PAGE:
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Ubuntu is one of the most popular Linux distributions available (for free, of course) on the market today, and has gained most of its popularity due to its ease-of-use and its appeal to people who don’t like to wage war against their PC to make it work for them.
If you installed Ubuntu before Windows Vista, now would be the time to get your Vista DVDs out and install it to your PC.
Once Vista installed, grab yourself a copy of Easy BCD and install it to get started. Now that you’re an old-hand at dual-booting, we shouldn’t need to tell you what comes next (hint: reboot to test! It’s an excellent way to make the most of available resources – there’s absolutely no need to have more than one PC just to use another OS.
Use whatever OS is best for whatever task at hand – that’s the golden rule of dual-booting, and one that we all live our lives by.
Drop by our forums and say hi, we’d love to hear about how your dual-booting experience is going!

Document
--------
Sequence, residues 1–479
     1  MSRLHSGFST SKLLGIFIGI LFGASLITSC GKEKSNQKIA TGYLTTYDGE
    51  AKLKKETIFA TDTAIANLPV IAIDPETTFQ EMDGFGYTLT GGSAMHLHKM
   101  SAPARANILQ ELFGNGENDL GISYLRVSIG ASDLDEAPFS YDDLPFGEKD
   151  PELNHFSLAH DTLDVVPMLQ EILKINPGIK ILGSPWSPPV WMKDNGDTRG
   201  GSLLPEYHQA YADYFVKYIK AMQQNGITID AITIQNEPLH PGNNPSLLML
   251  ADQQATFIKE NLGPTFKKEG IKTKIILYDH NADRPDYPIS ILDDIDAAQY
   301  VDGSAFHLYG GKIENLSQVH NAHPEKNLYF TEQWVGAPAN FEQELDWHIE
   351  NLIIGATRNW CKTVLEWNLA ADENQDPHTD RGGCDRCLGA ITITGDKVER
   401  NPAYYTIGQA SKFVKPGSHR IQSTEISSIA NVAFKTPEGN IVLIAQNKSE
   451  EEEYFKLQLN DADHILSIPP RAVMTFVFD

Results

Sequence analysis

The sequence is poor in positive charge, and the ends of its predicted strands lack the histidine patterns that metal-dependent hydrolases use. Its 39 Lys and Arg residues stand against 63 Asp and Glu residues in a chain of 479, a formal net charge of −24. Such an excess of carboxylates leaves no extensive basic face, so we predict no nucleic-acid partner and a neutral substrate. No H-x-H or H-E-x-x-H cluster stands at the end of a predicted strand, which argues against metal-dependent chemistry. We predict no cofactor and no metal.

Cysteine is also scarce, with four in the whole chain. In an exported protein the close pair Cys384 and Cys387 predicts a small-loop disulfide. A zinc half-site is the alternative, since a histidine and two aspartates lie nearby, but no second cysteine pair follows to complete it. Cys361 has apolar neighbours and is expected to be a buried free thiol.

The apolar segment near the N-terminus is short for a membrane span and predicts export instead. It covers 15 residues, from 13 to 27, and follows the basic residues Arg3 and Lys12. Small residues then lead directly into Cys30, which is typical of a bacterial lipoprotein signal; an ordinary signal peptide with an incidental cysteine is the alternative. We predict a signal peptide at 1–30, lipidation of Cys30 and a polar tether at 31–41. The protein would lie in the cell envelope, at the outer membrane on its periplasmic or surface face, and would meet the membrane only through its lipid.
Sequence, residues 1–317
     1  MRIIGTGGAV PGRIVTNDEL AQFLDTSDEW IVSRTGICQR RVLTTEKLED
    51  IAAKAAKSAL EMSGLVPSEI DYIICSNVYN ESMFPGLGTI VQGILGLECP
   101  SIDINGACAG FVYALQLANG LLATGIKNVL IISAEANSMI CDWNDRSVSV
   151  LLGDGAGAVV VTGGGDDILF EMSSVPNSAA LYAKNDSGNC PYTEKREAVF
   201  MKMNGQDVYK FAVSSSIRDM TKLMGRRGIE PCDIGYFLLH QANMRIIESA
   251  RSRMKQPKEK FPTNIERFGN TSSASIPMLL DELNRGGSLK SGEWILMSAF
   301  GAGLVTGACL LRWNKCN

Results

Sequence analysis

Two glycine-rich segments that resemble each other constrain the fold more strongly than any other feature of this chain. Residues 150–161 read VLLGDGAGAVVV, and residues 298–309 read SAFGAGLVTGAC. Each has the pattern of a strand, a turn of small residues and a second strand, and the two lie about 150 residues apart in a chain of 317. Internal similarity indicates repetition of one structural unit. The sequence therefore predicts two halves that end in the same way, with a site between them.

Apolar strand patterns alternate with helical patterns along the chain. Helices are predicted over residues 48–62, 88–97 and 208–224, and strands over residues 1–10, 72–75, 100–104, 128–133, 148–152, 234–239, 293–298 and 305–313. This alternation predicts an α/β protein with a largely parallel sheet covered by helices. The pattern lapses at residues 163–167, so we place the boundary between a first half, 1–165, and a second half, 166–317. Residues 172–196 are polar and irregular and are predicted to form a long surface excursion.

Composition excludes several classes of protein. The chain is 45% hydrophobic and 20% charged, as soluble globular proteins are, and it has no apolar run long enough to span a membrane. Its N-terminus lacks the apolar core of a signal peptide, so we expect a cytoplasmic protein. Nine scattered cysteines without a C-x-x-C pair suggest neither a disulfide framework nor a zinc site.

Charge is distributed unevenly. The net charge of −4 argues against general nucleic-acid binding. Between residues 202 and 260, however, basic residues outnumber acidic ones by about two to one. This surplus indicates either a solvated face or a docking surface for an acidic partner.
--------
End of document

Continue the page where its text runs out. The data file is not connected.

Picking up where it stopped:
Ubuntu has a lot of GUI-based methods for installing applications, but they take some time to search and find.
Since the keyboard is usually faster than the mouse, managing your software via the command-line can be a real time-saver.
Linux manages software through packages, individual units of software that contain user interfaces, modules, and libraries.
Here’s a step-by-step screenshot guide to installing Ubuntu and getting it to place nice with the Windows bootloader for Vista, Windows 7, or Windows 8.
You can use these steps whether no matter whether you are installing Ubuntu before or after Windows.